- Pope Francis spoke out against people protesting against the closure of the coronavirus in an option in the New York Times on Thursday.
- “Consideration of the common good is much more than the benevolent sum of individuals,” he wrote.
- The opinion came after the Supreme Court rejected the introduction of a restriction on religious gatherings in New York by Governor Andrew Cuomo to curb the viral infection.
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Pope Francis deceived the people who protested against the coronavirus restrictions in the name of “personal freedom” and provided rigorous advice to the groups in a New York Times publication on Thursday.
“Consideration of the common good is much more than the benevolent sum of individuals,” he wrote. “This means taking into account all citizens and trying to respond effectively to the least fortunate.”
At the start of the spring pandemic, governments around the world introduced versions of stay-at-home orders to help spread COVID-19. In several countries, including the United States, such restrictions have been protested by conservative groups.
“It is as if the measures that governments must lead for the sake of their people are some kind of political attack on autonomy or personal freedom!” Francis wrote about the protests against the closure.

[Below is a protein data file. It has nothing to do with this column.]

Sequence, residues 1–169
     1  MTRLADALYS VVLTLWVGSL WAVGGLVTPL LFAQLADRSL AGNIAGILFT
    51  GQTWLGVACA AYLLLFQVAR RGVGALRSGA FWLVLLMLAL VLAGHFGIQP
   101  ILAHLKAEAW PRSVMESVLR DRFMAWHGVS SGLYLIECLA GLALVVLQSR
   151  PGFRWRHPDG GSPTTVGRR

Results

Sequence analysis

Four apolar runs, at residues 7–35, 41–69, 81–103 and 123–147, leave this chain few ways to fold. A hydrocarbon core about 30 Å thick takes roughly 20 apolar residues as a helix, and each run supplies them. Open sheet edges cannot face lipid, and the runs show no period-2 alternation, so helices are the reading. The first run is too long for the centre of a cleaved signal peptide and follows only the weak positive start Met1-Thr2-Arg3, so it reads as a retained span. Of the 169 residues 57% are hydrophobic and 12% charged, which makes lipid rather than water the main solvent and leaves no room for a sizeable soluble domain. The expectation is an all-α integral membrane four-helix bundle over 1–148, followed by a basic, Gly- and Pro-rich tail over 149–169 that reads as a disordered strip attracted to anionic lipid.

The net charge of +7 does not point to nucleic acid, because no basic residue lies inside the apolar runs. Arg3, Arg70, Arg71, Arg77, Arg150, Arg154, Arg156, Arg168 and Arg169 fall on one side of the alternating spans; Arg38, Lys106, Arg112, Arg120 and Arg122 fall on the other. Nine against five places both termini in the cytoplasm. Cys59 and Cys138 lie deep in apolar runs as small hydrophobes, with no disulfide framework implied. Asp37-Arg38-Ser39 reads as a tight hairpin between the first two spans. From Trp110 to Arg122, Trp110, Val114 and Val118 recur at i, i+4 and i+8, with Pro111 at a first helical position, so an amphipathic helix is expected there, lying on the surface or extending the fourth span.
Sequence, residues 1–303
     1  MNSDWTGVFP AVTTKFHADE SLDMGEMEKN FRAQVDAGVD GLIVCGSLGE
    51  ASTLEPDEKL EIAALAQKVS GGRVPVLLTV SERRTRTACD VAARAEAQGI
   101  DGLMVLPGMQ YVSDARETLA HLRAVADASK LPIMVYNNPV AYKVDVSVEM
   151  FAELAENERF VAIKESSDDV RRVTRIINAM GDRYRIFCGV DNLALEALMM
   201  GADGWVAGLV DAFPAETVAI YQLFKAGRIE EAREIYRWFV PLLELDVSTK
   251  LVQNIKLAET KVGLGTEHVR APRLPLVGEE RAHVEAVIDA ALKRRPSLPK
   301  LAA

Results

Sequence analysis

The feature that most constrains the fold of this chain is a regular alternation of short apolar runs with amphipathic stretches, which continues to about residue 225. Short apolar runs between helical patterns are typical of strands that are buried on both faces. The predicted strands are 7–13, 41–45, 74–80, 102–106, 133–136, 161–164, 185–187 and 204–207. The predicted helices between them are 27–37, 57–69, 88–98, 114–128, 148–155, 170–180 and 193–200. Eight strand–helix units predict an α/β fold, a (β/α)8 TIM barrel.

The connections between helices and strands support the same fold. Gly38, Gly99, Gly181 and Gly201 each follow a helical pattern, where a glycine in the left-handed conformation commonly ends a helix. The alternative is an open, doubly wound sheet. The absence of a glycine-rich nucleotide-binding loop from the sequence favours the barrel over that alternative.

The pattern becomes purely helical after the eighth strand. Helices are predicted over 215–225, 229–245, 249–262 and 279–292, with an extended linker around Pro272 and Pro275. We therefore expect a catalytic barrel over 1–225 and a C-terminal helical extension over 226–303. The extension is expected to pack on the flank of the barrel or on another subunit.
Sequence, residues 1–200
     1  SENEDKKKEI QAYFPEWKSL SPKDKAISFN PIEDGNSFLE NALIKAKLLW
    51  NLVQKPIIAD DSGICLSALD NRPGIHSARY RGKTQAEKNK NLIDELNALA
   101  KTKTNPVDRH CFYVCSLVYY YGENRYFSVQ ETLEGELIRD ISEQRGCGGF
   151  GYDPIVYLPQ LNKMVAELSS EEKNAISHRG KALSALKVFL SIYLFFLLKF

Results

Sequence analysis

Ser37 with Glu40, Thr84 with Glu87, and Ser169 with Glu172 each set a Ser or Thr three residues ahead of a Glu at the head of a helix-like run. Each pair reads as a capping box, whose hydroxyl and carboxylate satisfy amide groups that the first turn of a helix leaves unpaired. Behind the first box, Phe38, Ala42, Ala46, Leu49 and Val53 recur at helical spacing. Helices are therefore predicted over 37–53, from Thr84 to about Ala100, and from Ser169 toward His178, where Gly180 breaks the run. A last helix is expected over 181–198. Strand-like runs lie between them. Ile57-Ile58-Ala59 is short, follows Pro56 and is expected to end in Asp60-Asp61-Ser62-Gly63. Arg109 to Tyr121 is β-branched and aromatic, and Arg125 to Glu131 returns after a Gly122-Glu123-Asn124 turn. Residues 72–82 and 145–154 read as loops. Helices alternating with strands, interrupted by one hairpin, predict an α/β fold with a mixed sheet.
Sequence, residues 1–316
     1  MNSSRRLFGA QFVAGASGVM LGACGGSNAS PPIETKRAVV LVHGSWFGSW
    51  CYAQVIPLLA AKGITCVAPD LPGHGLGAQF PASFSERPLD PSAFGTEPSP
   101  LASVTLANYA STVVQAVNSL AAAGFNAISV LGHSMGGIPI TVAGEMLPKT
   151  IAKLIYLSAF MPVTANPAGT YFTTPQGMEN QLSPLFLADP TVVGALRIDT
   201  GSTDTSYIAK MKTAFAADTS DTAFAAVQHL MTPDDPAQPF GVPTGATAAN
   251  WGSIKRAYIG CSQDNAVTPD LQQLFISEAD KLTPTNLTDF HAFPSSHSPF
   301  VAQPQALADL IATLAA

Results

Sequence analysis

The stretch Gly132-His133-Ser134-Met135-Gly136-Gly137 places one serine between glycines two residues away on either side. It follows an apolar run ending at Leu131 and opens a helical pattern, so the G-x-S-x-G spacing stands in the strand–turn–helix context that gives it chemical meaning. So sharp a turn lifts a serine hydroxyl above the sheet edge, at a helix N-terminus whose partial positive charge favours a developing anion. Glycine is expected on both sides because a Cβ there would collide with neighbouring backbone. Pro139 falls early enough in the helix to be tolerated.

“It’s too easy for some to take an idea – in this case, personal freedom – and turn it into an ideology, to create a prism through which everything is judged,” he added.
Although Francis did not mention any country or leader by name, he called on governments that “removed painful evidence of deaths, with inevitable, serious consequences.”
The United States has led the world in confirmed coronavirus cases, with nearly 13 million infections occurring by Friday. President Donald Trump has been severely criticized for underestimating the virus since the outbreak broke out and for continuing to avoid its severity as doctors and scientists anticipate increasing fatalities for the winter.
In the opinion paper, Francis described the public health crisis as a time that “reveals what is in our hearts” and provides an opportunity to “rethink our priorities”.
“If we want to be less selfish from this crisis than when we went in, we need to let us touch the pains of others,” he wrote.
The article came about by accident one day after the U.S. Supreme Court rejected the introduction of a restriction on religious gatherings in New York. The decision blocks Governor Andrew Cuomo’s occupation of 10 and 25 people, which he implemented to prevent the virus from spreading further. Cuomo then called the decision “irrelevant.”